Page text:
Dr. Seth Meyers, Clinical Psychologist

Dr. Seth Meyers, Clinical Psychologist

Monday, March 2, 2009

HOT TOPIC: Octu-Mom - America’s Methamphetamine

Nationally known publicist Howard Brackman – known for bailing out Tinseltown stars in steel cells – recently told the Los Angeles Times that the ubiquity of the Octu-Mom reflects America’s intrigue with watching personalities who have gone a little crazy. I think there’s some truth to his comment. On the highway, America slows down to witness the carnage of a car accident, and we do the same thing as we watch television.

In some ways, this is Anna Nicole Smith all over again. The media couldn’t dish out enough of that story, and the media hasn’t yet stopped with the Octu-Mom. Here’s my concern – aren’t we on the verge of a Depression? If you remember the coverage of Anna Nicole Smith’s death, you should also place it in time with a terrible time for our country at war. It’s like everyone forgot that as they tuned in to images and sound bites depicting someone whose life couldn’t have been further from their own.

How long will it take us to rip ourselves away from watching the accident? How long do we remain in our self-induced media coma until we realize how predictably we interfere with our own futures? Just think how many letters the viewing audience could have written to their Congressmen about the stimulus package or moving more troops to Afghanistan while they chose, instead, to sleep-watch another mindless segment on television about the Octu-Mom.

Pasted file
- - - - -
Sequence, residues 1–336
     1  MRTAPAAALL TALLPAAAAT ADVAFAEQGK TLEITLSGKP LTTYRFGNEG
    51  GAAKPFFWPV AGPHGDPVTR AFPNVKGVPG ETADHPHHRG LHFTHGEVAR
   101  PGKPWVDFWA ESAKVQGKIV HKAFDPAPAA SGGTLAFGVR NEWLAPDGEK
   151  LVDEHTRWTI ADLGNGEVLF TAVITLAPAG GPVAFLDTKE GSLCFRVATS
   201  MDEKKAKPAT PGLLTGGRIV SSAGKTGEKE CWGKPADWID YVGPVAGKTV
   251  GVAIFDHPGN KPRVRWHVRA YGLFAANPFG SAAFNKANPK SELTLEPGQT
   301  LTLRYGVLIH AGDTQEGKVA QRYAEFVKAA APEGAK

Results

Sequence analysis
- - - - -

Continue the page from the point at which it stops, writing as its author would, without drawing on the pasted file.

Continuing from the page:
It’s a pet peeve of mine when people blame the media – hey, we are the cat-like fools lapping up the media’s milk. The most frustrating part is that our fascination with these absurd stories is always directly proportional to the severity of what’s going on socio-politically. The more dire the economic or political situation, the more we escape by following an insane story. True, the Octu-Mom as a symbol intersects enough hot button issues that it was destined to be a story, but the gravity of today’s climate intensifies our voracious appetite for her story. How many Anna Nicole’s and Octu-Moms will it take for us to learn and to see our communal pathology for what it is?

In the same way that stress triggers the symptoms of Obsessive-Compulsive Disorder, a dire economic and political climate kick-starts our own compulsive reaction – turn on the television and focus on something absurd. In these moments when our lives are faced with layoffs, lost retirements, and other woes, we self-medicate with the Octu-Mom. Yes, for a minute, her story brings up interesting questions about important issues. Weeks later, however, our interest become more like an addiction. In reality, we’re no sicker than the meth addict off to find his dealer on a late-night run.

Watching train wrecks is America’s compulsion when things get bad. Call me crazy, but my suggestion is that we see this predictable cycle for what it is and kick it to the curb before our obsession with insanity catapults us there, too.

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